My Mom wasn't there today, to walk us through her garden. She's somewhere in the middle of Tennessee, driving through cotton fields with my Dad. It's been three weeks now. The two of them drifting along together, taking in the farms, the towns, the coasts of America.
I wish she could have seen my children crunching through her grow boxes, skittering down the dirt paths, anxious to find their special pumpkin.
As we lifted leaves and snipped tendrils I thought of her - how she would have loved the light on our faces, the crisp sound of stems breaking, the ribbed feel of a pumpkin in hand.
Each summer my Mom buys seeds for her grandchildren. They dig in the earth together, help her plant and bury. Then, come August, she helps them scratch their names into small greenish bulbs that will soon become pumpkins.
The bulbs grow and so do the names.
And when October comes to stay, we cut the orange rounds and dress our doorstep.
When I returned home this afternoon, I read this post from one of my favorite writers. It was about her six-year-old daughter who has the same kind of fingers as my Eliza, the same kind of growing-up look on her face.
The sight of her photos undid me.
She wrote about pumpkins, harvests and growing - as if she knew I'd just spent the last hour in my own patch cutting pumpkins. As if she knew I needed her metaphor about growing something and growing it well.
I heard her loud and clear. What she had to say about... family.
"Family is a field to grow in. Where children grow up and parents grow patient."
Her word - patience - nagged at me. I've needed an ocean of it lately, but my wading pool always seems to tap out quickly. The lack of it makes me weary, guilty, and I long to be the mother who is not tired, who does not raise her voice, who has a soft answer, a wise answer, for every hard moment.
But I'm not.
I want to be.
But I keep stumbling.
Ann's words today gave voice to the why behind a decision I made last week. A decision to pull back, make my own cuts, step away from some commitments.
Something needs to change when you feel you are forcing life rather than flowing with it.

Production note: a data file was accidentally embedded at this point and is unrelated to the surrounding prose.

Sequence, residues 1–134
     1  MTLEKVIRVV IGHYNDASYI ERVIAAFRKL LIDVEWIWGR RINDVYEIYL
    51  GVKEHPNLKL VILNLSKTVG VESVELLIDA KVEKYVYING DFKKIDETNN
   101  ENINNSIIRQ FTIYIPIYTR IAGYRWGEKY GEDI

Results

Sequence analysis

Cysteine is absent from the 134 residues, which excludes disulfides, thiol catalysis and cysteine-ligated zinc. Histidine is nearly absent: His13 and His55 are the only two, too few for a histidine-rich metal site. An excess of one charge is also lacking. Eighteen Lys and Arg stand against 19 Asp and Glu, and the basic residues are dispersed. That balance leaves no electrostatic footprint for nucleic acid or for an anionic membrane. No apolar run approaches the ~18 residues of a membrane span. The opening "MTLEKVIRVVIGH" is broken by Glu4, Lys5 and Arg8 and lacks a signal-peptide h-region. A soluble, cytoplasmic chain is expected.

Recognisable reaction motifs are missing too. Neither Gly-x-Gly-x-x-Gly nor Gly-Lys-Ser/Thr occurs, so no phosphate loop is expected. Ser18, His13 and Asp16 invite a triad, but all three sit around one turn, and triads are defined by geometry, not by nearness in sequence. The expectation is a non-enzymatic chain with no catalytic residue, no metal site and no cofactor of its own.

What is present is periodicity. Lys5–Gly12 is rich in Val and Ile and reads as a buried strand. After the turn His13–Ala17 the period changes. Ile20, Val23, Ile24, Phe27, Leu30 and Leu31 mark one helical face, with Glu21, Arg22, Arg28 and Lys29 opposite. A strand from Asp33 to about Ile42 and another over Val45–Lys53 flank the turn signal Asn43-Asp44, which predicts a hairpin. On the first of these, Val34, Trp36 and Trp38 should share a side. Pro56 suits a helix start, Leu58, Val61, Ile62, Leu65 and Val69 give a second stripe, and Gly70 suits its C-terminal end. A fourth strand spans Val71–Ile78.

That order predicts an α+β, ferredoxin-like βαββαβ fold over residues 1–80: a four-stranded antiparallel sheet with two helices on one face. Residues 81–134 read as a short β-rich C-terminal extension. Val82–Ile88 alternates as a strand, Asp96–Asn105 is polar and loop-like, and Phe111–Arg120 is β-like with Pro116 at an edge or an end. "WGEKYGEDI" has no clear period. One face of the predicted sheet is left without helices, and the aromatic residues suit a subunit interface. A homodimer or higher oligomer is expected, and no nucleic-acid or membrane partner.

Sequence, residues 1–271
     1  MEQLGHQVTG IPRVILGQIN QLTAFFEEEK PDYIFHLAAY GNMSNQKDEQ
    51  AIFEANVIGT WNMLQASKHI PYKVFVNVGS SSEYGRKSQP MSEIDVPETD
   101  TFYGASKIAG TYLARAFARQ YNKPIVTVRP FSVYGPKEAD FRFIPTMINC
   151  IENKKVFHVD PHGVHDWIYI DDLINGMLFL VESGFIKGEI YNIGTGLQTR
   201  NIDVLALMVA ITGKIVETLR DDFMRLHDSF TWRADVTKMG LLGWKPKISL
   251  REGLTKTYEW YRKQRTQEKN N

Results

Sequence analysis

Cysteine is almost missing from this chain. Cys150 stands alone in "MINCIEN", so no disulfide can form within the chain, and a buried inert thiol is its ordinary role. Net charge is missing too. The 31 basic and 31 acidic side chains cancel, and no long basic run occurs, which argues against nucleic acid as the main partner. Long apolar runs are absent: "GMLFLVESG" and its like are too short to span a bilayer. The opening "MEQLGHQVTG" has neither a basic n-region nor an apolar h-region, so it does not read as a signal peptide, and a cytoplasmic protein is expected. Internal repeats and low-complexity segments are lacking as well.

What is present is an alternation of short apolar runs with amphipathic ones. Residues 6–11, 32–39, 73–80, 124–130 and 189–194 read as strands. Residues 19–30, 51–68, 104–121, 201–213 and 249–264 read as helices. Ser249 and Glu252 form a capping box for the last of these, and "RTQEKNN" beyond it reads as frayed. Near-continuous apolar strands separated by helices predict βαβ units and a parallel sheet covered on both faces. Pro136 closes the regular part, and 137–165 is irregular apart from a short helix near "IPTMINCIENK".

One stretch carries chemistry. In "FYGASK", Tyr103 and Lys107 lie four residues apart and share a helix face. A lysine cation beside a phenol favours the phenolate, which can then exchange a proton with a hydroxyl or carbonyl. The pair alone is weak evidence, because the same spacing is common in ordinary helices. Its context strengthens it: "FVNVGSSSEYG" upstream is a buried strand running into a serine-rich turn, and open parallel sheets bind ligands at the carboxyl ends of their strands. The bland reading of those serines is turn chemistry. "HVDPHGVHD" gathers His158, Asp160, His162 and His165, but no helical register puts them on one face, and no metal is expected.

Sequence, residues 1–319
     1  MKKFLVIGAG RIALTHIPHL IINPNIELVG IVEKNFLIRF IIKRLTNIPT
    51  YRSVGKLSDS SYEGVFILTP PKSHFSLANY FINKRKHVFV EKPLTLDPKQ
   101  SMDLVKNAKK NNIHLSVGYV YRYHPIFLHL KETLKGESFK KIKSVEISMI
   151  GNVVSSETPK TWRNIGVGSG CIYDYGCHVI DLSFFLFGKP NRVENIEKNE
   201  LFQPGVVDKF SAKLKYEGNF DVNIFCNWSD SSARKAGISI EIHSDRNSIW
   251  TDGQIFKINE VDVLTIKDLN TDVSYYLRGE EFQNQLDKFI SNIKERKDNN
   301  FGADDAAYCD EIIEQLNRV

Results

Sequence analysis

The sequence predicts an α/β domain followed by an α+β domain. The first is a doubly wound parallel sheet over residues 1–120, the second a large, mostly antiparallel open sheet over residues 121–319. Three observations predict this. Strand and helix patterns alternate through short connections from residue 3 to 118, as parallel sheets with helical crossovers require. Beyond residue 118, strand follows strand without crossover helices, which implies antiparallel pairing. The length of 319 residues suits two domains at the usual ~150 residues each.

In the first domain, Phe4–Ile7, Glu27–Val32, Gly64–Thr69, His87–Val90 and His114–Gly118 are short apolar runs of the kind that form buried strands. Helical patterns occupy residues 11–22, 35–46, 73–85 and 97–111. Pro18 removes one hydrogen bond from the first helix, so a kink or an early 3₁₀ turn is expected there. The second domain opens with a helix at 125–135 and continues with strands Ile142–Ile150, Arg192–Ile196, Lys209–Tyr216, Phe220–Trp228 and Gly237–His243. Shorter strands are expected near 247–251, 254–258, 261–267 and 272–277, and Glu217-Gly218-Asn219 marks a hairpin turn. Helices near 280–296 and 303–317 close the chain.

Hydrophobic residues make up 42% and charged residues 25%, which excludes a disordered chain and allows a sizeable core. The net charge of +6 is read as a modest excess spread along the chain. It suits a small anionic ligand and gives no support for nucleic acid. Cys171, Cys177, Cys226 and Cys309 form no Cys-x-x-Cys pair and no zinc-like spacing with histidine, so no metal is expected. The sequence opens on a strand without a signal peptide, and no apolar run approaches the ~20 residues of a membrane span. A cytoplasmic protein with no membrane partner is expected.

I have to say no to some things I really love. Things that are like air to me. For a season. The growing season.
These days when my kids are young and my home is full - they matter in big ways. I need more time to teach them joy. Fewer demands so I can feel that joy.
I need to spend those short hours after the kids are in bed talking with Doug (when he's home), or in study so I can be available, and ready to listen. Or in contemplation and prayer so I can know how to best help each child, determine their needs, and how to love them in the right ways. I need more sleep so I can give my energy to my family.
I'm hopeful that when my days open a bit wider, my children are in school, and a free space starts calling, those other loves will flow in again.
But for now, I know what I need to do.
"Aren't we all growing here together? And how can she be six already? Why is it lately that when she turns, that I can see it again, that long ago baby face, the way her eyes would look straight up?"
I hear you Ann. I see it too.
"These steps with the small, these are the giant leaps not to be lost. Saving the world, it begins with the salvation of one child."
I don't want to look back and wish I'd given my children more. More time, more energy, more love, more me. Even my own personal fulfillment, is not as important as them. As this.
"[Family]is where mothers grow in maturity and fathers grow in forgiveness, where sons grow in self-control and daughters in discernment and this is what He means - for us to stretch and dig down and reach out for family to grow us full in the faith."
Family is a field to grown in. And we are growing children. Etching their names into a reality, an eternity, tangible as the dirt smudged onto my hands.
I want to do it right.
We carefully lined up all the pumpkins on my Mother's backyard steps. Eleven of them. One for each of her grandchildren.
And coming home to Ann's words was a gift. A woman speaking my language, my thoughts. Saying what I needed to hear.
Our lives, yours and mine, they are different. Our paths, our scripts, our names, they differ too. The challenge, I think, is to listen to the whisperings, move when we are nudged, be willing to do the hard things. To change when we know change is needed.
Easy to say when we know it in our heads. But not always easy to do.
Spencer tripped while carrying his pumpkin down the hill. I picked him up, returned the pumpkin to his smalls hands, and watched him totter off to the car. Not the least unhinged. Can I learn to live like that?
"There is only a harvest when someone attends to the smallness of a seed."
And I need to attend with my whole self for a while.
Cultivate our field.
Do some growing.